Obligations of a Guarantor
Remember the glorious 1990s and 00s before the 2008 financial crisis.? A dormouse could apply for a loan or a mortgage and they would be accepted. People would be receiving letters from the bank every six months or so saying their credit limit had been increased by a thousand pounds or so – no questions asked.
Nowadays, getting a loan or a mortgage is much more difficult. Banks will perform a strict ‘affordability test’ to see if you can pay back the amount you borrow. And if you have a bad credit history or no credit history at all, the interest rates demanded can be crippling.
Therefore, many people are now asking parents and friends to become guarantors. But if you are approached, do you know what a guarantor’s obligations are, and whether you qualify to be a guarantor?
This article covers who can be a guarantor, guarantor requirements and things to consider, whilst letting you know your liabilities should the person you guarantee defaults on their loan/mortgage repayments.
What is a guarantee?
In terms of a loan, a guarantee is the legal promise of one person, known as the guarantor, to assume responsibility for another’s debt should they fail to make payments. Because of the risk involved, you need to be confident that the family member or friend asking you to be a guarantor can make the required payments to the creditor.
Guarantees for loans are normally required to remain in place until the loan is paid off. Mortgage guarantors, however, are not tied for the entire 25-30-year term of the mortgage. Once the owner has built up enough equity, they will usually be allowed to remortgage and the guarantee will be removed.
Who can be a guarantor?
To be a guarantor, you must be 18 years or over. However, in some cases, guarantors must be older than 21 years. In addition, the lender will want assurances that you have a good credit rating and can pay back the loan yourself.
Depending on the lender, further stipulations about who can be a guarantor may be made, for example, to qualify, a guarantor may need to prove:
- They own property
- They earn over a certain amount
- They have no other debts (a mortgage may be excluded)
- They do not share any other financial commitments with the borrower
Once you have agreed to be a guarantor, you cannot change your mind.
What happens if the person defaults on their payments?
The inherent risk of acting as a guarantor is that if the person you gave the guarantee for cannot pay the debt/mortgage, you are then liable. Make no mistake, if the borrower defaults, the lender will come after you and your assets. This can result in your credit rating being damaged, not to mention stress and sleepless nights!
How can I protect my interests if I am being asked to be a guarantor?
As Solicitors, we advise people to think very carefully before becoming a personal guarantor. To protect your interests and your blood pressure, take the following precautions:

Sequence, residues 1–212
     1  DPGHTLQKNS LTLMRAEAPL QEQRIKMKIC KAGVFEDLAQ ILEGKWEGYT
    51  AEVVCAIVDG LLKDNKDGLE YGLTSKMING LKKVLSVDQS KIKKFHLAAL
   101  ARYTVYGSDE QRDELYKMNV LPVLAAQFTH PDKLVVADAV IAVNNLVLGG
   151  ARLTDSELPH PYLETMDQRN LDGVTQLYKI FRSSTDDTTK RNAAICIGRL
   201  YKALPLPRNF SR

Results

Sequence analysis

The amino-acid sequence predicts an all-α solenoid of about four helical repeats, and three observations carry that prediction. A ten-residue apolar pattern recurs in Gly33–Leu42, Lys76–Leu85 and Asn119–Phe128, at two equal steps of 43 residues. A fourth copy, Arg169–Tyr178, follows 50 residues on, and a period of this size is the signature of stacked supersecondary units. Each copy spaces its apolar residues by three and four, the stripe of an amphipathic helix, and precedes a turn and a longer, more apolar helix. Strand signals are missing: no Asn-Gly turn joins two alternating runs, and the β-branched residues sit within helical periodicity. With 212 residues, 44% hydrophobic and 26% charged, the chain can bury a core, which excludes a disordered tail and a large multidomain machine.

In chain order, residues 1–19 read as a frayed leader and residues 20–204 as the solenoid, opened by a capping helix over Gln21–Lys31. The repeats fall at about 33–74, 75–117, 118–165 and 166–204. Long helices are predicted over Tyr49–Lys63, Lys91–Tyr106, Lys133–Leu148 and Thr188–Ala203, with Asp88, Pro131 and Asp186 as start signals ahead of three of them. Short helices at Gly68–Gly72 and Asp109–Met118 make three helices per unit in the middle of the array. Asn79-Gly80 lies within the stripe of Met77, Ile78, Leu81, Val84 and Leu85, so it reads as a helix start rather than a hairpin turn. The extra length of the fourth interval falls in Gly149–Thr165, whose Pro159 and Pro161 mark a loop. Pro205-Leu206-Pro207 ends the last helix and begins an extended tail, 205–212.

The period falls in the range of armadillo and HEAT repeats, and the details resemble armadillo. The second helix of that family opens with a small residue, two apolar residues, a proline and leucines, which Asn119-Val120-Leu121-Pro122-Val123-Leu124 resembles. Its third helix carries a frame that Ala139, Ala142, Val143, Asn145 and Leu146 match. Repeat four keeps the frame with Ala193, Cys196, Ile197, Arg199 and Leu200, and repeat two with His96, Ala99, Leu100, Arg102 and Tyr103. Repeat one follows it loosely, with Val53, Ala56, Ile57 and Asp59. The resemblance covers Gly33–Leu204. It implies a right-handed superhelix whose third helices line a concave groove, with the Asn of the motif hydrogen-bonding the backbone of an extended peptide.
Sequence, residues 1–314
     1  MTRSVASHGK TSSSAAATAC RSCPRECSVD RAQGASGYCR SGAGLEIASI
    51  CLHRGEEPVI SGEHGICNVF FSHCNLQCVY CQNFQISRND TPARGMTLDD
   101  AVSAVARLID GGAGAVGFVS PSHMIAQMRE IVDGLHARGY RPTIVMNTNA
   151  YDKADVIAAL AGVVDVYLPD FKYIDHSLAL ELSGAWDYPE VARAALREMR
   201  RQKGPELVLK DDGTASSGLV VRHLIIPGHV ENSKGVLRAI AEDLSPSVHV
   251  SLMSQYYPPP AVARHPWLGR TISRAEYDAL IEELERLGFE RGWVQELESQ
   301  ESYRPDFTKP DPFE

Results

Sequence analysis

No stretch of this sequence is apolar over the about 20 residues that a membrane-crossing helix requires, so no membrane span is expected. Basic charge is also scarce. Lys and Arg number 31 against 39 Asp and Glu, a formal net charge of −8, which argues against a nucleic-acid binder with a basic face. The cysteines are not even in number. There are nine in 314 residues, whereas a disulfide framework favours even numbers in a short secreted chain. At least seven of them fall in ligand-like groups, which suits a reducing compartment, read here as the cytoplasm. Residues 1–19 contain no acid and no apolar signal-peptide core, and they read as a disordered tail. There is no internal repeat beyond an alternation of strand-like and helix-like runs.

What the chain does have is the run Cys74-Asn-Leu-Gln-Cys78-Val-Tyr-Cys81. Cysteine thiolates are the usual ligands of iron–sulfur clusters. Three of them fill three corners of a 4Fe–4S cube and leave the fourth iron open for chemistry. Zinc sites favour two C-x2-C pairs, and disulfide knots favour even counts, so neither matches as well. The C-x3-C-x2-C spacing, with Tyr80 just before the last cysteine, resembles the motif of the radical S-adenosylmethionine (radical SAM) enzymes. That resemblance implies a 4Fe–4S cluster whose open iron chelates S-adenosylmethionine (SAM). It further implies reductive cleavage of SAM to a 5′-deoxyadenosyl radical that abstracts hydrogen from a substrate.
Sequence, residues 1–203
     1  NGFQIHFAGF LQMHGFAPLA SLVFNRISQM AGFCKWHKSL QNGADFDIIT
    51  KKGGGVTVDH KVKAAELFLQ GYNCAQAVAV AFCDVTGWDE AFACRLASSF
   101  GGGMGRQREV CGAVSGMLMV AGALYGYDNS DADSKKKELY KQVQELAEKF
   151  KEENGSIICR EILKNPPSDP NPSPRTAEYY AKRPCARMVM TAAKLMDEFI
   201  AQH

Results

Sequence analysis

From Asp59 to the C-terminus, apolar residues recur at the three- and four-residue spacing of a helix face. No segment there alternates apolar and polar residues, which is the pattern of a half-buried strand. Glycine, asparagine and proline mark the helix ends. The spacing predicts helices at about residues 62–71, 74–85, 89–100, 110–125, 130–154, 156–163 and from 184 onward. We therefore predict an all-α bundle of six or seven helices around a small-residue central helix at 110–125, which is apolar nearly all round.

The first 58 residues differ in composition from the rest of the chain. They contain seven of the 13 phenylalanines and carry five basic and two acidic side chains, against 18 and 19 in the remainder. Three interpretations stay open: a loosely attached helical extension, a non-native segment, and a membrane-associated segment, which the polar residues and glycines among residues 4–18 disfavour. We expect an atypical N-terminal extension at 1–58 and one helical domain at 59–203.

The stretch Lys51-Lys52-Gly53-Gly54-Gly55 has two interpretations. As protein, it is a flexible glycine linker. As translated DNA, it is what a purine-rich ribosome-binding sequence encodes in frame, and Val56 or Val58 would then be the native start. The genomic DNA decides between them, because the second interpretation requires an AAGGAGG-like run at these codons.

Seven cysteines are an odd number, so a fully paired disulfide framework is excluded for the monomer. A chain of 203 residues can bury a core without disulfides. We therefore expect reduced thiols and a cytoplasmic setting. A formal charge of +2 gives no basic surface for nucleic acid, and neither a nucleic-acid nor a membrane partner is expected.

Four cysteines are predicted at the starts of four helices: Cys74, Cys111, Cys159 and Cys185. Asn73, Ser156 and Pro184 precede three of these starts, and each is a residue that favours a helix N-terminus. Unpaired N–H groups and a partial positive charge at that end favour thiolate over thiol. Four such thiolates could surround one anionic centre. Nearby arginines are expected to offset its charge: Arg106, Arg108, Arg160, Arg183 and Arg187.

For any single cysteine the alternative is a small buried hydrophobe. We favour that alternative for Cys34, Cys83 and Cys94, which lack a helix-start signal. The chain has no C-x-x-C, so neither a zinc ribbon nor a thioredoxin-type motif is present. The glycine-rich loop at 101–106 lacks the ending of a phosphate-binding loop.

- Do not act as a guarantor for a new partner or anyone who you do not know extremely well. Some people are experts at creating sob-stories, but if you act as a guarantor for a con-artist, you’ll find yourself put under tremendous amount of financial and personal stress.
- It is not good business sense to act as a guarantor on goods that diminish in value such as a car or electronic equipment. We promise, despite what they try and tell you, your offspring’s life will not be ruined if they must save to purchase a depreciating asset.
- Have a couple of month’s payments set aside in case the borrower runs into difficulty and defaults.
- If you are acting as a guarantor for a mortgage or business loan, always seek legal advice- a commercial property lawyer can help you with this. Banks and lenders are sharp and ruthless about getting their money and resulting interest back. And remember, if you are being asked to be a guarantor, it is because the lender has doubts about the borrower’s ability to fund their debt repayments. If you have only offered to guarantee the deposit of your child’s property purchase, banks will sometimes try and ‘persuade’ you to sign an unlimited guarantee as this serves their interests better. A Solicitor will quickly spot this in the small print and, normally after a bit of a dust-up, will ensure your liability is limited.
Becoming A Guarantor
Acting as a guarantor is a generous gift; for the borrower, it can be the lifeline they need to secure their goal. However, guarantees are serious commitments and can come with very complex small print. To ensure your interests and future prosperity and credit rating is protected, seek legal advice before you sign a guarantee agreement.
Guillaumes LLP Weybridge Solicitors are a personable full-service law firm. If you’d like some assisting regarding guarantor requirements, and who can be a guarantor, our property disputes lawyers can help protect your interests just to be safe. Our commercial property solicitors can also assist regarding a business premises. To find out more, get in touch with our legal professionals.